Leavine went on to sign Matt DiBenedetto to drive for the 2019 season and has seen great improvements and success this season. Heading into the season finale at Homestead-Miami Speedway, DiBenedetto has three top-five, and seven top-ten finishes with season best finishes of fourth coming at Sonoma and second at Bristol Motor Speedway this past summer.

“That was a solid race (Sonoma), everybody performed well, the pit crew, the calls on the box, obviously Matt (DiBenedetto) and driving. That was exceptionally rewarding. I was elated,” Leavine said.

“Three goals when we got into it. A venue for our family if they wanted to race, meeting some really nice people in NASCAR and making a difference while having fun. You don’t always get them at the same time.”

Leavine has become a fan favorite on social media in 2019, specifically on the social media platform Twitter. It’s not every day you see an owner of a Monster Energy NASCAR Cup Series team interacting with fans on a daily basis and answering a multitude of different questions thrown his way.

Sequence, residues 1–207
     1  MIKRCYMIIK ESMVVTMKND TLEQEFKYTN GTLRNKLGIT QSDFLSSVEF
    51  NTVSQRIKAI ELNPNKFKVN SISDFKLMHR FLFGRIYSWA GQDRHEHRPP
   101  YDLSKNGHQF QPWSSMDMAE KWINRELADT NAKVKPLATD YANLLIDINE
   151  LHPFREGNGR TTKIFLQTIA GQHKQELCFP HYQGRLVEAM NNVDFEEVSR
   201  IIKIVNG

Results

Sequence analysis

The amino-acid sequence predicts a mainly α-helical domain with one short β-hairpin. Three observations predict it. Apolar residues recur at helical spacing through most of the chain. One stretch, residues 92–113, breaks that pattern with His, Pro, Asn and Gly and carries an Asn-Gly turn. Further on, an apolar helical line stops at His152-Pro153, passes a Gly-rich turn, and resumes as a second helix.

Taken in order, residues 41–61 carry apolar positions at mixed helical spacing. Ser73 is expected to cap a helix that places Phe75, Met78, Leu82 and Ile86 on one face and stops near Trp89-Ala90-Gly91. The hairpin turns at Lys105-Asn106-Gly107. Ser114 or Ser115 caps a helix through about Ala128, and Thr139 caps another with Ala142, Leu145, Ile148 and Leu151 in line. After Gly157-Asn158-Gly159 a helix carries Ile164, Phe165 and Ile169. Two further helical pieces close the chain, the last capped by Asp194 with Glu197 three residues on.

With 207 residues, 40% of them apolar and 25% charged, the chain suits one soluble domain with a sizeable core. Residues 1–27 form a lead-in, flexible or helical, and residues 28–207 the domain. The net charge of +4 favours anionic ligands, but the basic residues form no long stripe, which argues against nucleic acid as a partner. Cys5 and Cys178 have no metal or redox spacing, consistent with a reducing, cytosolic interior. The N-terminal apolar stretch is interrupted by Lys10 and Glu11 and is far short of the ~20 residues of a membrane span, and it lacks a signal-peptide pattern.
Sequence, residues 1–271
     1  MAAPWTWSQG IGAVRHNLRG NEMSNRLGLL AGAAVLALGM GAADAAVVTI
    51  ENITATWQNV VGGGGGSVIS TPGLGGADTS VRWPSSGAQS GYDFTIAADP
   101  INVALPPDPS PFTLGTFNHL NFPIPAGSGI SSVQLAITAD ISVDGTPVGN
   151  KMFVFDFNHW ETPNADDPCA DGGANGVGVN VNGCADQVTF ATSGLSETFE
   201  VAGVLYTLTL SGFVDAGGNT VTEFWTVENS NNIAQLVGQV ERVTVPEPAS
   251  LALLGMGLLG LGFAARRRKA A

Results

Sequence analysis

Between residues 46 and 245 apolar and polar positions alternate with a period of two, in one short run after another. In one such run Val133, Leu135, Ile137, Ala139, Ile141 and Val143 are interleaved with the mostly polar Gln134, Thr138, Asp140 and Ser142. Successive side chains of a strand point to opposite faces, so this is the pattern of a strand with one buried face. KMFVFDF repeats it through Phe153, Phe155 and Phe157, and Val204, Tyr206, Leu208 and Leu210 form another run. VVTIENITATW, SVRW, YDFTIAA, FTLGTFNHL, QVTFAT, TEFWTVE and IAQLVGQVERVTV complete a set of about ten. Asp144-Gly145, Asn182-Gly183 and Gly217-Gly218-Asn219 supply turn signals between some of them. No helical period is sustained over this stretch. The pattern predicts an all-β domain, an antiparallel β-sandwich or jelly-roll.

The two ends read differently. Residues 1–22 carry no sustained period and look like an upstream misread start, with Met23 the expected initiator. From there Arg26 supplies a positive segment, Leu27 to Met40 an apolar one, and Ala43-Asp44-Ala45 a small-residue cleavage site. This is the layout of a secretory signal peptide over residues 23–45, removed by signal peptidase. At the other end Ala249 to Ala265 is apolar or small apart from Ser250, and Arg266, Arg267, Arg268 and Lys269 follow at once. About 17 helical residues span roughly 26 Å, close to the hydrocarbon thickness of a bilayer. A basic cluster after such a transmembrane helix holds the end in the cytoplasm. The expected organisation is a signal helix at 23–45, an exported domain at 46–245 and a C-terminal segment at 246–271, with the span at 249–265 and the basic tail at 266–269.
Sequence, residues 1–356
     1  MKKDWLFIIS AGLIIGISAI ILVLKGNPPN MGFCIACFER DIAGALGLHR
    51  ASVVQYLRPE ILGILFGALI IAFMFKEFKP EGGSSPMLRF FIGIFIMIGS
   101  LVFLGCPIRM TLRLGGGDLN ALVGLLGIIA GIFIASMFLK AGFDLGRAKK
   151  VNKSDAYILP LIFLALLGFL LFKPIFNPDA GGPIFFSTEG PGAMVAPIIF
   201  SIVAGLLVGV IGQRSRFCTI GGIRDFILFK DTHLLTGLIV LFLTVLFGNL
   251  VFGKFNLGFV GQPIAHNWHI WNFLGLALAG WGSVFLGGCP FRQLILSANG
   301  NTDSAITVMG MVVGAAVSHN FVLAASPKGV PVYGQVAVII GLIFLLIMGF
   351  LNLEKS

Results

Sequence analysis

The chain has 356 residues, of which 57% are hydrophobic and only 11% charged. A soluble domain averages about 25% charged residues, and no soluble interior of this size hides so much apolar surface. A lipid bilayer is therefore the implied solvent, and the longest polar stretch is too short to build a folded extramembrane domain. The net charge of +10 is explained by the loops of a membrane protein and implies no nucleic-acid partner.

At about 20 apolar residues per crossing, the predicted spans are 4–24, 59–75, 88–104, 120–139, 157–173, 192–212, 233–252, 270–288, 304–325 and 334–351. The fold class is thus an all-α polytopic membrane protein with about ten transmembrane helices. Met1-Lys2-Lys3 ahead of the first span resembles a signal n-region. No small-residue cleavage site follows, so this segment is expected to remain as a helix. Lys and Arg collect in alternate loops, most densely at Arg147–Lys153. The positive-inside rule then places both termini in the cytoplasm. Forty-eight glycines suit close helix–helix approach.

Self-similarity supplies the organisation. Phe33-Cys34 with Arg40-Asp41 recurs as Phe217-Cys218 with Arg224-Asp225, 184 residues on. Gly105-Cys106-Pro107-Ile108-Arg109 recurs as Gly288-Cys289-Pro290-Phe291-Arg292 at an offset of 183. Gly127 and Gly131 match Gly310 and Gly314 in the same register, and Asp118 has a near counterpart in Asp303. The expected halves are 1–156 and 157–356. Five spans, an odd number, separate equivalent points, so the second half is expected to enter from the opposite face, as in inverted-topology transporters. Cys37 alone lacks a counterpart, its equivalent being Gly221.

However, the whole thing was really by accident. Leavine had tried for some time to get his family to set him up with a Twitter account and when that didn’t pan out, he took it upon himself to set his own up in January.

“(The) 26th of January I had used it a little bit, just followed, retweeted some things, I didn’t write anything,” Leavine said. “I didn’t know who was going to see it, I didn’t know anything about it. Sharon’s birthday, we were at our place in Oklahoma, I don’t know what happened, but somebody sent me a question.I didn’t know anything about the format. It was a learning process, about saying anything. It wasn’t until a little later, little by little I realized I can do this, and it just developed.”

Twitter has developed into part of Leavine’s daily routine, he enjoys interacting with the race fans and knows how knowledgeable they really are.